Daily Gains Letter

High Risk, High Return: One Simple Way to Profit as Stock Prices Plummet

By for Daily Gains Letter |

High Risk, High ReturnIt’s not uncommon for a company to get in trouble and suffer for many quarters, or even years, before there are some improvements. As a result, when a company’s conditions deteriorate, the stock prices follow in the same direction—they decline.

There are many examples of companies that got into a downward spiral and their stock prices plummeted over time—consider companies like Blackberry (NASDAQ/BBRY), formerly Research in Motion Limited, losing its market share to competitors, and Bank of America Corporation (NYSE/BAC) being heavily involved in mortgages during the housing slump.

One way investors can take advantage of this situation is by shorting the stock—betting that the stock will continue to go down. Unfortunately, to do so, they will have to meet their broker’s initial margin requirement and so on and so forth.

Instead of shorting a stock, investors can make use of an option strategy called the “naked call.” By employing this strategy, investors can also generate income for their portfolio.

Essentially, a naked call is a bearish option strategy in which an investor sells/writes a call option without owning the underlying security. As a result, the investor receives the premium selling price of the option and promises to provide stock if the price reaches a certain strike price. Keep in mind, this option strategy should not be confused with a covered call—they both have very different characteristics, risks, and rewards.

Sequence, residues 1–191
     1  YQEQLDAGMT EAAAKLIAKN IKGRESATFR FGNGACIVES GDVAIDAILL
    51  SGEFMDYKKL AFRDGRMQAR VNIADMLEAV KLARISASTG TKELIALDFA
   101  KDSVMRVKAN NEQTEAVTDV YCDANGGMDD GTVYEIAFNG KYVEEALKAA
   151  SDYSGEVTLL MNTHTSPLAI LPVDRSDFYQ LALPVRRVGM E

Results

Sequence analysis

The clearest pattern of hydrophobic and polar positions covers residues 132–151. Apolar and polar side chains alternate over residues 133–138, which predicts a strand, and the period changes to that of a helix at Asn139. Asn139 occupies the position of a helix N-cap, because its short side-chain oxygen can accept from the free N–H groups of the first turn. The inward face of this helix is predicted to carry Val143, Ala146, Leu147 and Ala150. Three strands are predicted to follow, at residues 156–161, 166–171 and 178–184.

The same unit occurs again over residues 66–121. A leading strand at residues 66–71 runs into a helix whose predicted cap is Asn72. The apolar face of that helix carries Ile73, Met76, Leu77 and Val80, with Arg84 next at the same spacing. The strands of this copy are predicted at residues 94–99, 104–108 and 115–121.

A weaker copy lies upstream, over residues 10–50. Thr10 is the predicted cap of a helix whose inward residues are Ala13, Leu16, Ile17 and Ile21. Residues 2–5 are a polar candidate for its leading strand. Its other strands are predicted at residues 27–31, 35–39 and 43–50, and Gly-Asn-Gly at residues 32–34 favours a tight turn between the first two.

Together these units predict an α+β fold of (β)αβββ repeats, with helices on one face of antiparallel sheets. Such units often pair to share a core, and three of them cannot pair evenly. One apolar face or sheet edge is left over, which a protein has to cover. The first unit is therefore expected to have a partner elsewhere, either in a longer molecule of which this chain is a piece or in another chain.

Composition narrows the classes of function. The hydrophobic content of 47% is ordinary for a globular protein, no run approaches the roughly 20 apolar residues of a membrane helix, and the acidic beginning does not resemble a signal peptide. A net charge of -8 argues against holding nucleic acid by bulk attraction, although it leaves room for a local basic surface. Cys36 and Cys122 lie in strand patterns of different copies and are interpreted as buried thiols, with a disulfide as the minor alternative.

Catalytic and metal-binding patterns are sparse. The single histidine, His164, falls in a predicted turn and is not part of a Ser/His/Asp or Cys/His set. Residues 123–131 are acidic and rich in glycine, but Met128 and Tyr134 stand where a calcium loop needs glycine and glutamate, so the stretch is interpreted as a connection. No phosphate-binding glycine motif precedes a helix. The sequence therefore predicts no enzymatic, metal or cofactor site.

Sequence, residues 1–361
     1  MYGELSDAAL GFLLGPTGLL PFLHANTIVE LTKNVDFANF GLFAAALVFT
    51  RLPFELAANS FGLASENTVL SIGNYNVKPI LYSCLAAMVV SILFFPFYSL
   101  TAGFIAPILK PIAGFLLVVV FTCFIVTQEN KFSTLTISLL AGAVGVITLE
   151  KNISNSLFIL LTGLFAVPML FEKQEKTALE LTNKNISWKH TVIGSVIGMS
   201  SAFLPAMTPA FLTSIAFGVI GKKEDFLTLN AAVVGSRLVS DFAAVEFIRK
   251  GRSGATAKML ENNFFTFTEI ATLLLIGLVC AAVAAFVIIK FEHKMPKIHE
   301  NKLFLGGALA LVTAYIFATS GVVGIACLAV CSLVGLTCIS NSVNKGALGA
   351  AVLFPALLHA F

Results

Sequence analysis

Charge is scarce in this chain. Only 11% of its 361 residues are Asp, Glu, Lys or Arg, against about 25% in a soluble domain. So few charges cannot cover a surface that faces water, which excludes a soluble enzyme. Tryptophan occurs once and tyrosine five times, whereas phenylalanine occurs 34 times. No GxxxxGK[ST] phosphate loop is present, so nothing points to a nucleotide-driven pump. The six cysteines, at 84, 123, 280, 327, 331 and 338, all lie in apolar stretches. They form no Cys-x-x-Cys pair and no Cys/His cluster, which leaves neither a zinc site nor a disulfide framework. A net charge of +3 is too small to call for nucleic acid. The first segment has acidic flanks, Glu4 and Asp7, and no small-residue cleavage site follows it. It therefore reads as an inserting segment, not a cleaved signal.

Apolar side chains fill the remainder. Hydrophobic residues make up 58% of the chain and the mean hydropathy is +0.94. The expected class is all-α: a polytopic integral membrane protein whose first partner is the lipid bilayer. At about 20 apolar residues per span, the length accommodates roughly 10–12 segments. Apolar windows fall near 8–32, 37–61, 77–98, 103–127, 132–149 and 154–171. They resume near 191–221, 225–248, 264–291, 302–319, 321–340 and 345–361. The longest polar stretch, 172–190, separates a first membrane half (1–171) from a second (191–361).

How does a naked call work?

Suppose that stock of ABC Inc. is trading at $20.00, but the investor believes it will continue to decline. Instead of shorting the stock, he writes/sells call options expiring in May for $2.50 per share, with a strike price of $25.50. By doing this, the investor will receive $250.00.

On the expiration date, if the stock stays below $25.50, then the investor will take the $250.00 and that will be his or her maximum profit. In contrast, if the stock goes higher, the investor will be forced to buy the underlying security and sell it to the call option buyer at a loss.

With all this said, before adding this option strategy to your income-generating arsenal and taking advantage of the downside, investors should know that it is a very risky strategy, to say the very least. Just like shorting, when employing a naked call strategy, investors can run into deep trouble—their losses can be significant.

Going back to our example above, if, unexpectedly, shares of ABC Inc. go to $35.00, the investor will be forced to buy shares for $3,500.00 plus commission. Even after getting $250.00, the investor will face a loss of $700.00. This is because, as per the call option they wrote/sold for a strike price of $25.50, the investor will have to meet the conditions.

While this investment strategy shouldn’t be used by investors who are trying to protect their capital or those who are closing in on their retirement, if one does employ a naked call strategy, they should at least have some sort of loss control in place. This can be done by buying back the call option they wrote or even buying the stock as they see stock prices climb, so their losses won’t be as bad.

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